As the cherry blossoms continue to progress across the bulk of Japan, the trees around some of the more southern cities, such as Kumamoto, are starting to hit their best viewing period. While Raina continues reporting from those areas, I spent the day in Kyoto to increase our coverage to more of Kyoto famous cherry blossom spots. The blossoms officially opened on March 23rd in the city and look as if they are advancing pretty much as expected with most trees around the sights I visited today still approaching the halfway mark.
Today kicked off with a stroll along the Okazaki Canal, part of the waterway system that connects Lake Biwa with Kyoto and runs from the base of the Keage Incline and the Kyoto Zoo past the approach to Heian Shrine. The canal is lined by dozens of cherry trees, which overhang the water and can be enjoyed both by walking along the embankment or from boat tours which operate seasonally during the cherry blossom season. This year the boats run from 9:30 to 16:30 through May 8th and cost 1200 yen per person. The boats also run special evening illuminated tours through April 10th during the Okazaki Canal's light up event.
The cherry trees along the canal tend to be slightly behind the main Kyoto blooming season, and this year was no exception. The majority of trees were still in the early opening stages and will probably need at least to the weekend to reach their peak.
Next to the Okazaki Canal is the Keage Incline, which was originally built during the early Meiji Period to connect the lower elevation waterways of Kyoto city to a higher elevation canal that runs all the way to Lake Biwa. The Keage Incline, which utilized a rail system to transport the small cargo boats up and down the slope, is lined by dozens of cherry trees, and the area has become an extremely popular sakura spot for the beautiful combination of the abandoned rails and cherry blossoms.
The blossoms along the incline were a bit further along than those lining the Okazaki Canal, and more inline with the main blossoming season in the city. Though still relatively early - most trees were still well below the 50% mark - the warm weather that will hit Kyoto over the next several days should, if anything, speed them along to a peak that will likely hit around the weekend.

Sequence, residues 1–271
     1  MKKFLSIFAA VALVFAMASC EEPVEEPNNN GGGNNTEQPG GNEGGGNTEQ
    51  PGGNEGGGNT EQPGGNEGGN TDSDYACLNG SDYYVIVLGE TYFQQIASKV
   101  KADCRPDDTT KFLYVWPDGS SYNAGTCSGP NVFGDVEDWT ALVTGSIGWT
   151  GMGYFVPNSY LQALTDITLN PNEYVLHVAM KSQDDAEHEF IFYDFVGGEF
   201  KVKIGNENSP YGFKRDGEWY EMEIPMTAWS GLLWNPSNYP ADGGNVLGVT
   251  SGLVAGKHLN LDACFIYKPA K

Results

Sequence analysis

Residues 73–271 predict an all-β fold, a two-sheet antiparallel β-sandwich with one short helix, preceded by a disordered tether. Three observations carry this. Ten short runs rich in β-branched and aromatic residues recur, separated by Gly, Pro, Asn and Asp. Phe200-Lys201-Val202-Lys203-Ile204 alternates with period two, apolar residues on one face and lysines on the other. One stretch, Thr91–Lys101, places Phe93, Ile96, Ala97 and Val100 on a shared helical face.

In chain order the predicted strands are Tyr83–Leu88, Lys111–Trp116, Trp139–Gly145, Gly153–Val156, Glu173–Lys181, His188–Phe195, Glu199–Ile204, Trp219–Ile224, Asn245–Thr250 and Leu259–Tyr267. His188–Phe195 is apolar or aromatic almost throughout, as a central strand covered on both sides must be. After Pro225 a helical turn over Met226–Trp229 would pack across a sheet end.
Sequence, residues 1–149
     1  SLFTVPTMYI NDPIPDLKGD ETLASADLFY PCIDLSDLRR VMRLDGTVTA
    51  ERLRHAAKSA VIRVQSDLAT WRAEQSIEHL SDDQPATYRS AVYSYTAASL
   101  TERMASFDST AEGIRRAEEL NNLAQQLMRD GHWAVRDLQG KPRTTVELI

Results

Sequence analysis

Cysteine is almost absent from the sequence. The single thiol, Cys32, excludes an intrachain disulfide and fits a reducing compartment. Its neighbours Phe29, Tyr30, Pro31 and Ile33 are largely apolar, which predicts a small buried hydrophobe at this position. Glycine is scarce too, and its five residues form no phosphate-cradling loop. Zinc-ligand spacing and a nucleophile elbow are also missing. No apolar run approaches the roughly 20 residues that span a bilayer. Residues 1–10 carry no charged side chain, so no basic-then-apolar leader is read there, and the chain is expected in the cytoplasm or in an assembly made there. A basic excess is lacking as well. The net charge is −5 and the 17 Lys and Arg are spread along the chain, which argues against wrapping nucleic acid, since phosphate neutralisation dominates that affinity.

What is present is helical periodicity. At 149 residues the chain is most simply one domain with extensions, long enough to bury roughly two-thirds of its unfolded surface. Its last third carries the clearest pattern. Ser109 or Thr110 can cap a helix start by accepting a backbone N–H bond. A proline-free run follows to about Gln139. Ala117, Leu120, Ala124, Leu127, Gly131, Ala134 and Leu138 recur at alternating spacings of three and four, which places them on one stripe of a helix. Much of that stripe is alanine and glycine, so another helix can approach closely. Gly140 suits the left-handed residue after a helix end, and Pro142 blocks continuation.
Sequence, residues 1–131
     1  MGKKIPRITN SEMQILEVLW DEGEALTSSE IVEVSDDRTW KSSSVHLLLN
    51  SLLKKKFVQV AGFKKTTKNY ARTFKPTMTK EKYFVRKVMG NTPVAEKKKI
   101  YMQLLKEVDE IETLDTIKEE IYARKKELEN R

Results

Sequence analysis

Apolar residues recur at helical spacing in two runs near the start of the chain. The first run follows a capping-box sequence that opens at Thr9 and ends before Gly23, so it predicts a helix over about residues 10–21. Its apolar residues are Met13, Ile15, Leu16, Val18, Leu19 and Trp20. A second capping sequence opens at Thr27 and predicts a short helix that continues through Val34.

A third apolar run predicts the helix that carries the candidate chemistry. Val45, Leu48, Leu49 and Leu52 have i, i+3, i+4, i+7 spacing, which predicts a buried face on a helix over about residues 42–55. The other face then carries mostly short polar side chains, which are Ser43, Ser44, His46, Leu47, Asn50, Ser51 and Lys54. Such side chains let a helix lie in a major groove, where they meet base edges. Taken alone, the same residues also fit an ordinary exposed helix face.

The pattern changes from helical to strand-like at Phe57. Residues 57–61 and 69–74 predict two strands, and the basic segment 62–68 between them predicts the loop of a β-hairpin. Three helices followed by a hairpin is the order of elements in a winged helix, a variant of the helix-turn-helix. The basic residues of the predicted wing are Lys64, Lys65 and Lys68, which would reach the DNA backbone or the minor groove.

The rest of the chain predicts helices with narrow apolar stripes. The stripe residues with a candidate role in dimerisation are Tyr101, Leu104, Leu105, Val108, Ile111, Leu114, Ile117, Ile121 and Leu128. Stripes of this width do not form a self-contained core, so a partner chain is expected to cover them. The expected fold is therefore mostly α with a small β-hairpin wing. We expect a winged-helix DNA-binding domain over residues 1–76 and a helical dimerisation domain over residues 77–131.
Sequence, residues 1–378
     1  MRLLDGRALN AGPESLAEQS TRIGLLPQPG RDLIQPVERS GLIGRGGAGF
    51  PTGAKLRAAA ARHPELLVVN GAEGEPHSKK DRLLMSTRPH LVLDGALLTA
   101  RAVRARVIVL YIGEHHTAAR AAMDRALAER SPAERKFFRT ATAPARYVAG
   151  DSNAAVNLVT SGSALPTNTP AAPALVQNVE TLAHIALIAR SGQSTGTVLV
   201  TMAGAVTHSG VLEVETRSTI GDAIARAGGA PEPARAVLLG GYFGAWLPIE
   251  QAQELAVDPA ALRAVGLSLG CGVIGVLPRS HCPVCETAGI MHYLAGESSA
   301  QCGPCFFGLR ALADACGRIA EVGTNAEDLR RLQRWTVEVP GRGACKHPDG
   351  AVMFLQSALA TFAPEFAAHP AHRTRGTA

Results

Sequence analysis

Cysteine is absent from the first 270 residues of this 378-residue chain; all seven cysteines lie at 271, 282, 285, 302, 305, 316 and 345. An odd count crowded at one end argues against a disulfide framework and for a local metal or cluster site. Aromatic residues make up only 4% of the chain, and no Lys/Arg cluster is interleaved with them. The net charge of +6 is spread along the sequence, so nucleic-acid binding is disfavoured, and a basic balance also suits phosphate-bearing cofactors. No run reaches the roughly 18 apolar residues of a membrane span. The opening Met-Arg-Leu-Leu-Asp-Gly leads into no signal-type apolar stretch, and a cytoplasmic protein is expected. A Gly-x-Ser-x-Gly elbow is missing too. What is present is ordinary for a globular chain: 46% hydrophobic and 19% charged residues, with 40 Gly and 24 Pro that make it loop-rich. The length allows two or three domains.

The Keage Incline connects (albeit indirectly for walkers via Nanzenji and detour through the neighborhood streets) to the Philosophers Path. This two kilometer long, paved trail follows along a canal that leads through the neighborhoods of northeast Kyoto to Ginkakuji. The canal is best enjoyed in autumn and spring, but is especially nice during the sakura season as the path is lined by several hundred cherry trees whose branches extend over the canal and walkways forming tunnels of blossoms to stroll underneath. Like the sites visited earlier in the day, the cherry blossoms along the Philosophers Path are still in the early opening stages and likely won't reach their peak until around this weekend.
My final stop today was the Arashiyama district on the outskirts of Kyoto at the base of the city's northern mountains. As a result of their location, the blossoms here tend to open a little bit later than the rest of the city. However, this year is slightly different as the trees around Arashiyama looked pretty much on par with the rest of Kyoto. I'm guessing that the cold snap that slowed down the season around the central city likely had less of an effect in this typically cooler area, which allowed the blossoms here to catch up. If it continues like this, then I would expect the trees here to peak around the weekend together with those around much of the rest of Kyoto.